Have you heard of William Osler? Maybe you are familiar with Osler’s nodes – raised tender nodules on the pulps of fingertips or toes, an autoimmune vasculitis that is a sign suggestive of subacute bacterial endocarditis.
Osler was a Canadian physician (1849 – 1919) and one of the founding professors at Johns Hopkins Hospital (in Baltimore, USA) as the first Professor of Medicine and founder of the medical service there. He was the first doctor to bring medical students out of the lecture hall for bedside clinical training. He has been called the ‘Father of modern medicine.’ Perhaps he should also be known as the Father of modern medical education, in that he was the first to insist that students learn from seeing and talking to patients and was responsible for the establishment of the first ever residency training programme. This concept spread across the English-speaking world and remains in place today in most teaching hospitals as the fundamental model of ‘on the job learning’ for students and residents in all specialities. He liked to say, “He who studies medicine without books sails an uncharted sea, but he who studies medicine without patients does not go to sea at all.” His best-known saying was “Listen to your patient, he is telling you the diagnosis,” which emphasises the importance of taking a good history – a fundamental medical skill which remains as, if not more, important in our high-tech age as it was in his.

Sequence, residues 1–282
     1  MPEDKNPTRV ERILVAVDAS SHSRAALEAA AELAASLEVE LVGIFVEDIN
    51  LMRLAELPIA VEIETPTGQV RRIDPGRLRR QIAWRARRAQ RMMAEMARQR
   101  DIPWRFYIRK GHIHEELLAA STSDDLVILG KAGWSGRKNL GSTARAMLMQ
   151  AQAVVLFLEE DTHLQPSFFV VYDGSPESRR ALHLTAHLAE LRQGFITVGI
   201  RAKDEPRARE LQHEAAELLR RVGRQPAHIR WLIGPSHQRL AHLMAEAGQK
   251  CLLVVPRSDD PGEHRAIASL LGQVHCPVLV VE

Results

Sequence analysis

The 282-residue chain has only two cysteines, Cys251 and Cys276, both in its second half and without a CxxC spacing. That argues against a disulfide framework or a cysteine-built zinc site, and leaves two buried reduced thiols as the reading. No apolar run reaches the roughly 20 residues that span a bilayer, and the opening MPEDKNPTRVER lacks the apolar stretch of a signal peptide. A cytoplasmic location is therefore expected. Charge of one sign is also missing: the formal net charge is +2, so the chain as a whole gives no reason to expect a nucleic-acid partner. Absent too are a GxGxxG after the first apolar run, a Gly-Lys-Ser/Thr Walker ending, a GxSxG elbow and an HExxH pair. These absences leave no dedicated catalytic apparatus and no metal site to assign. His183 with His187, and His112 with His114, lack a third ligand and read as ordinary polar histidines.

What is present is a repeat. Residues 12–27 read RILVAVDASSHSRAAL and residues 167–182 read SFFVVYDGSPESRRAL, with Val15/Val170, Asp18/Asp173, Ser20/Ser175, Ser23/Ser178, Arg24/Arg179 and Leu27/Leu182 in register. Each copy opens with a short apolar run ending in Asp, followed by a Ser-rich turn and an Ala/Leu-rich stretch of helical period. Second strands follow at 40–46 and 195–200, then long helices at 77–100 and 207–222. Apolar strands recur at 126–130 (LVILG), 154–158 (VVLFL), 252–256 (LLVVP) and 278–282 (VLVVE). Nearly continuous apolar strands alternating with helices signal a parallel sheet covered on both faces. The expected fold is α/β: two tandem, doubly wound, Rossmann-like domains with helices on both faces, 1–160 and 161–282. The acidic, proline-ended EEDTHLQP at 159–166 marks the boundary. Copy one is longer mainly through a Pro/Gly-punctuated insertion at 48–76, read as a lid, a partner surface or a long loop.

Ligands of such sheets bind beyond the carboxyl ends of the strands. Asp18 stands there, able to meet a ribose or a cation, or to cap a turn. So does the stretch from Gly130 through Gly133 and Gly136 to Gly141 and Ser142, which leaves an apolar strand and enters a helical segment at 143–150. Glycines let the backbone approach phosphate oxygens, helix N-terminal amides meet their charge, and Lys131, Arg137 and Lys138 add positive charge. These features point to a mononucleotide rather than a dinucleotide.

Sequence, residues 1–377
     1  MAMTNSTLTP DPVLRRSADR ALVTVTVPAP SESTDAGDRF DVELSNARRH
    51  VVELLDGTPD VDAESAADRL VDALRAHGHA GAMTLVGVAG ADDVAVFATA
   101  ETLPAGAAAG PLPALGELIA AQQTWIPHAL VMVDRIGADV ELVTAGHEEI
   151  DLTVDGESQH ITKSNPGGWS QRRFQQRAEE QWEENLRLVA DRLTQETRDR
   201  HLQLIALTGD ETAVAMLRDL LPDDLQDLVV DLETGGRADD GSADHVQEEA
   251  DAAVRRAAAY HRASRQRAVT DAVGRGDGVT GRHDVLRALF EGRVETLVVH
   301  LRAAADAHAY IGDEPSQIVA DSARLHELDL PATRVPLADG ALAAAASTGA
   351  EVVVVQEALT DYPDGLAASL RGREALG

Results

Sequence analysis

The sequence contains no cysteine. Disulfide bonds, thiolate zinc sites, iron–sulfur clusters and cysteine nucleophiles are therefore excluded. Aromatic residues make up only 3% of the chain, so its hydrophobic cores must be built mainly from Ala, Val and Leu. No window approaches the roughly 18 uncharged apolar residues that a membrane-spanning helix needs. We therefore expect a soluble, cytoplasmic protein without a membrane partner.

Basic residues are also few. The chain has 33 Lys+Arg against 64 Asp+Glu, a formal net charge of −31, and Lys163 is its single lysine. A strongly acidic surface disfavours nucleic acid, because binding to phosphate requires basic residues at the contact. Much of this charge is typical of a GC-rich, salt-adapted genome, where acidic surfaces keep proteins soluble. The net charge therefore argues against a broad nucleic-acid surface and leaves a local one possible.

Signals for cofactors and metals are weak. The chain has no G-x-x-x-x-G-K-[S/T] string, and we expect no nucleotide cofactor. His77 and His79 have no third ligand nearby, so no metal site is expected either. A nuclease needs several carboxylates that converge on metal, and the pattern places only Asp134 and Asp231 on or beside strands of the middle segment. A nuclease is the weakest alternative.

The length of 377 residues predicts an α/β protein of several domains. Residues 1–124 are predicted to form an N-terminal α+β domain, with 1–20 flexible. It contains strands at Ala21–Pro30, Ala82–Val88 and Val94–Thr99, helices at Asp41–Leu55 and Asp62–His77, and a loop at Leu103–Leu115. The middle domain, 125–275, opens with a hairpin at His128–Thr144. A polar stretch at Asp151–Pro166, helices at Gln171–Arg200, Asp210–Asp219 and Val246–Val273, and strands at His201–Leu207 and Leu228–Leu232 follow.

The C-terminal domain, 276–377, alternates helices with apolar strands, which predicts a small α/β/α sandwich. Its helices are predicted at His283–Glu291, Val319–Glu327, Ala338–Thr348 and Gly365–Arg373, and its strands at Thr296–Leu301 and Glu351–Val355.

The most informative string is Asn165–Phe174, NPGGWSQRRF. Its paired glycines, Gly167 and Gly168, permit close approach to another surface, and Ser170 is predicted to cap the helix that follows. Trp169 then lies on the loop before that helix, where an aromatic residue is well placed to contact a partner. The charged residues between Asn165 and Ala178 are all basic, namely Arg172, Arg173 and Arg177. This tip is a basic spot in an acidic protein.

But there are other sayings of Osler’s which are less well known, recorded in his Aequanimitas, a series of addresses to medical students about to go into practice.1 “Hard though the conditions may be,” Osler writes, “approached in the right spirit—the spirit that has animated us from the days of Hippocrates—the practice of medicine affords scope for the exercise of the best faculties of the mind and heart.” And, “The motto of each of you as you undertake the examination and treatment of a case should be ‘put yourself in his place.’“ He followed this by listing three simple actions that could make all the difference: “The kindly word, the cheerful greeting, the sympathetic look.” He also said, “Be careful when you get into practice to cultivate equally well your hearts and your heads.”
Although written in an earlier and very different age, these sayings apply equally powerfully to us today. PRIME advocates development of the person (patient) centred approach to medical teaching that Osler introduced, and one of our central concerns is that health professionals should ‘cultivate equally well (our) hearts and (our) heads’. Yes, we need to know, teach and keep up to date with the scientific knowledge and skills that define our discipline, but we need also to ensure that our hearts are adequately resourced and spiritually nourished so that we can always give the kindly word, the cheerful greeting, the sympathetic look. Are you adequately cultivating your heart?
What a difference those simple things make to our patients and students. Try it!
- Osler W. Aequanimitas with other address to medical students, nurses and practitioners of medicine. 3rd ed. Blakiston Division 1999.
The idea for this article came from:
- Sokol DK. The ethical gift box: suggestions for improving the ethical conduct of doctors